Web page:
It opened to quite a work with a lovely note attached to the back of it. It read, "Dear Anna, Though Rimbaud is fantastic, I thought you might like a completely new icon. Fondly, Ms. Emily G." So, it turns out that God also goes by the name of Emily G.
What I love most about this one is that she has indeed been successful in her claims -- that is, to create and contribute a "completely new icon." She began by snipping Rimbaud into strips of paper and then stitched them together with black thread to make a new canvas. After vigorously marking the image with pencil and red and orange marker, she put on the finishing touch: a color photograph of herself, cigarette in hand with a toy cowboy protruding from her pants and a wicked grin.
In the end, God/Emily G. has completely obliterated the image of Rimbaud and put forth her own icon. The irreverence of this piece would make Ray Johnson proud. I certainly am!
(Oh, and to see more fantastic artwork by Emily G., look here!)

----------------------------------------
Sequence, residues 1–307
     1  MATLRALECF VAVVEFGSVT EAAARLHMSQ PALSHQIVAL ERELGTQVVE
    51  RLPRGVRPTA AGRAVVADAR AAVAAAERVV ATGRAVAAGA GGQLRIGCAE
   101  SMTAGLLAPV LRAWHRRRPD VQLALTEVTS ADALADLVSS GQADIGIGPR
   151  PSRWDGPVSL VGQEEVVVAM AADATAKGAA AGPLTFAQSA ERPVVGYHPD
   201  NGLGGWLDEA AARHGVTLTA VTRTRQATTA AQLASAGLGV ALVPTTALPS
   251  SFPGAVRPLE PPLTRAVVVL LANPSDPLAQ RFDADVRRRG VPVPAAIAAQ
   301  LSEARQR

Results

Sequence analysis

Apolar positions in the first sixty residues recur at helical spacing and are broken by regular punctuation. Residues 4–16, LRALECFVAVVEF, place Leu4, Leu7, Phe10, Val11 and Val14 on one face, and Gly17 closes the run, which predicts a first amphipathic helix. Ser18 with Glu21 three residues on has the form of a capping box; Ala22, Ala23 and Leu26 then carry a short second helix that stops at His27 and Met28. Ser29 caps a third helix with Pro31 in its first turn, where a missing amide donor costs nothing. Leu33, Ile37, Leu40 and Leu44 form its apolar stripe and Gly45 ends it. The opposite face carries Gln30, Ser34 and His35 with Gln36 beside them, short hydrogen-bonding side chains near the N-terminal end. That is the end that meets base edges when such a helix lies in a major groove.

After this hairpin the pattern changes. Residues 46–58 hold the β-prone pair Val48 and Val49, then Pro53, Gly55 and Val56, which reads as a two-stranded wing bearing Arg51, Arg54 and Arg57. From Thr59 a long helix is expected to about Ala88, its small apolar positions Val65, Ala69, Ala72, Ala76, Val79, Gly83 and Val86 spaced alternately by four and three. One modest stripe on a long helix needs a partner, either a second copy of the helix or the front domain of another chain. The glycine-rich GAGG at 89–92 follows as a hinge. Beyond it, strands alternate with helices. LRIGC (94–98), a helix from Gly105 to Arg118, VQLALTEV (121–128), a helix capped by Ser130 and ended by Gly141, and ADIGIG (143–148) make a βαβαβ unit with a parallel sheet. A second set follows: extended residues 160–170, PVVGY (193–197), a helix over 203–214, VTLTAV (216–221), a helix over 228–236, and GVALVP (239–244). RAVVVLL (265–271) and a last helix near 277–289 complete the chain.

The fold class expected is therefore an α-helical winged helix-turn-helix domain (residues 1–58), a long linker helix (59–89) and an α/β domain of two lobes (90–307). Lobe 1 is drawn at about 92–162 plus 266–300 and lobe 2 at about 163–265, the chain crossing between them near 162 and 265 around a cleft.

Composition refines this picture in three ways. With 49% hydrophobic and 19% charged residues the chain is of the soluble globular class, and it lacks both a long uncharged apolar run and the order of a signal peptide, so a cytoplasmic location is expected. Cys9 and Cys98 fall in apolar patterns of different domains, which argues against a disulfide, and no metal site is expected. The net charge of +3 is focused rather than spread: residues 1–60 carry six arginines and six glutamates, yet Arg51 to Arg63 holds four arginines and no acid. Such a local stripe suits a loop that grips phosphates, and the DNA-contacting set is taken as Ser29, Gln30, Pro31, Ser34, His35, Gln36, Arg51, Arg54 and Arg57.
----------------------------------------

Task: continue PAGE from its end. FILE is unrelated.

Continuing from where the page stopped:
January 13, 2010
When I received this Rimbaud in the mail, it came unsigned on both the work of art and the envelope. (Cue dramatic music, please!) Therefore, it's shrouded in mystery and I've dubbed the author, "The Mystery Mailer."
This is a great take in my opinion. It's simple and thought-provoking. After I stopped thinking about who could possibly be the artist (!) and started looking at the image, this famous art quote came to mind:
"A line is a dot that went for a walk." -- Paul Klee
The artist decided that Rimbaud's two pupils would be fitting dots and then let the pen take a walk from there. One dot went for only a quick loop around Rimbaud's eye while the other went on quite the journey, tracing the contours of his face.
Well played, Mystery Mailer, well played.
January 12, 2010